18 months after the passing of a beloved Dells musician, a memorial fund established in his honor has borne a new band into the Dells music scene.
John Curschmann, who passed away in 2018, frequently came and played at Mojo Music’s periodical jam sessions. According to Mojo Music’s owner, Bob Hufford, Curschmann wanted to dedicate a memorial fund encouraging Dells-area kids to get involved in music.
“After his death, he wanted his memorial funds to go to promoting music amongst the youth in the community,” Hufford said. “So the family put up $1,500… for us to host Saturday afternoon jam sessions, free of charge, for any students from the school district of Wisconsin Dells.”
The program, set up by Curschmann’s wife, Pam, attracted the attention of four Dells high school students who were interested in forming a band. According to Hufford, the band’s drummer and guitarist were the first to come together at the Saturday jam session, and the quartet formed from there.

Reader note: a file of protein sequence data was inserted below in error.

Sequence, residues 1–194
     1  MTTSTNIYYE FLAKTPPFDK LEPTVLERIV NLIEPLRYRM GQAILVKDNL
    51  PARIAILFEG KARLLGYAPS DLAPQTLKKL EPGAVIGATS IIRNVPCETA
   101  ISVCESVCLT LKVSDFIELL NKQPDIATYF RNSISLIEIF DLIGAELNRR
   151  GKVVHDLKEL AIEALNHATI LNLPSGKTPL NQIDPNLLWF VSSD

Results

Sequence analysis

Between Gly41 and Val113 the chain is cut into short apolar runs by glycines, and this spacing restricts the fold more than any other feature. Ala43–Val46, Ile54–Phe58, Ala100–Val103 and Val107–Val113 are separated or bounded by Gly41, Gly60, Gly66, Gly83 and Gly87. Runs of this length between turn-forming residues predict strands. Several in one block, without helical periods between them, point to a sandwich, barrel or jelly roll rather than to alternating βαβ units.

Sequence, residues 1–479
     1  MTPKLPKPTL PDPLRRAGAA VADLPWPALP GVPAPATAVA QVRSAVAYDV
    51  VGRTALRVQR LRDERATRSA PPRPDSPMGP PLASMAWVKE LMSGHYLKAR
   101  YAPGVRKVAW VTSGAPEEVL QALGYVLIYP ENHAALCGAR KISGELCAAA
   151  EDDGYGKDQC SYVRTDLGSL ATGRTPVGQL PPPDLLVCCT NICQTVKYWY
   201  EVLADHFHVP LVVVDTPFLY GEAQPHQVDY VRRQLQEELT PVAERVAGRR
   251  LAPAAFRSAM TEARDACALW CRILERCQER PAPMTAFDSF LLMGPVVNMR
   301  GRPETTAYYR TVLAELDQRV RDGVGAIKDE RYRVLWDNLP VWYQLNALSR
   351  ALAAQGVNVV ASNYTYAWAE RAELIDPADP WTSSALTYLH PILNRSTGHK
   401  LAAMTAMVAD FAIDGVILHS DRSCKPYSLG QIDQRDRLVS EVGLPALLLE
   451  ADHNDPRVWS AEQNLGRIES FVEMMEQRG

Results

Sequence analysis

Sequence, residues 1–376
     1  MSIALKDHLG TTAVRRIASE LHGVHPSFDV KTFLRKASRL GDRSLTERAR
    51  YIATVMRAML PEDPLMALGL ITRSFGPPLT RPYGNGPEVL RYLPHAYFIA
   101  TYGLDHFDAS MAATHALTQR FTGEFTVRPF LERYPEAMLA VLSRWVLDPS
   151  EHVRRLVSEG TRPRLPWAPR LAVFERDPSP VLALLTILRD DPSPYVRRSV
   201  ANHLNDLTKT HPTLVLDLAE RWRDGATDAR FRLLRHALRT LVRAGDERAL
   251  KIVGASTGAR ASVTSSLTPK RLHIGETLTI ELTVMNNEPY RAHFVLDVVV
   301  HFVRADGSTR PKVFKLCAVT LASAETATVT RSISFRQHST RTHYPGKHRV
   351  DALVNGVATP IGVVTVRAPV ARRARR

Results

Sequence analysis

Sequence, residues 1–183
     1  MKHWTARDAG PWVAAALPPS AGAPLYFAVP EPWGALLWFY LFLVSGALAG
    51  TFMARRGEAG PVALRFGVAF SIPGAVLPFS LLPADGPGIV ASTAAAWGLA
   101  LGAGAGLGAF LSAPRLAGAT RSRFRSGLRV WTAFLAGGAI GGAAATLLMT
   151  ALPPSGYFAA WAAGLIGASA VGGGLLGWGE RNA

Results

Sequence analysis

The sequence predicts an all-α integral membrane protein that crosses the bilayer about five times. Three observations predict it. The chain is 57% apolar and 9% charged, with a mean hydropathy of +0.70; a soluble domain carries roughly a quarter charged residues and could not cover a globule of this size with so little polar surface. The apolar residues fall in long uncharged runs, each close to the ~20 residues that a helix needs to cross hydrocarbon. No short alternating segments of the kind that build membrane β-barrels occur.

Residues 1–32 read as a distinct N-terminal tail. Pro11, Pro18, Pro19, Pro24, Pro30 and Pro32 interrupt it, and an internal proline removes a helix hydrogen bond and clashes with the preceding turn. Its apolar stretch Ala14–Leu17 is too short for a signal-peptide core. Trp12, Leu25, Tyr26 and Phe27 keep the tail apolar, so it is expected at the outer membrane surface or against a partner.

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The foursome chose to call themselves Teen Spirit, after the famed Nirvana song that kick-started the ‘90s grunge movement. Their first performance, at the Mojo Music Recital on Nov. 7, featured them performing “Come as You Are” by Nirvana and “Sweater Weather” by indie rock group The Neighborhood. According to Hufford, the band received. their award from the memorial fund at this performance.
“It’s the JAAM award,” Hufford said. “It stands for John’s auditory arts memorial. That’s sponsored by the Curschmann family, they intend to keep it going.”
Hufford’s ambitions for Teen Spirit don’t stop at the Monk’s in Lake Delton where the show was put on. He wants to help guide the band into building a public presence.
“I’m hoping they write a song or two, I’m hoping we record a song or two, maybe even do a music video,” Hufford said.
According to Hufford, the memorial fund was originally intended for kids who wouldn’t necessarily have access to a studio space. However, the members of Teen Spirit were the only group to show interest at the time, so Hufford and Curschmann modified the award to benefit up-and-coming musical talent in the Dells.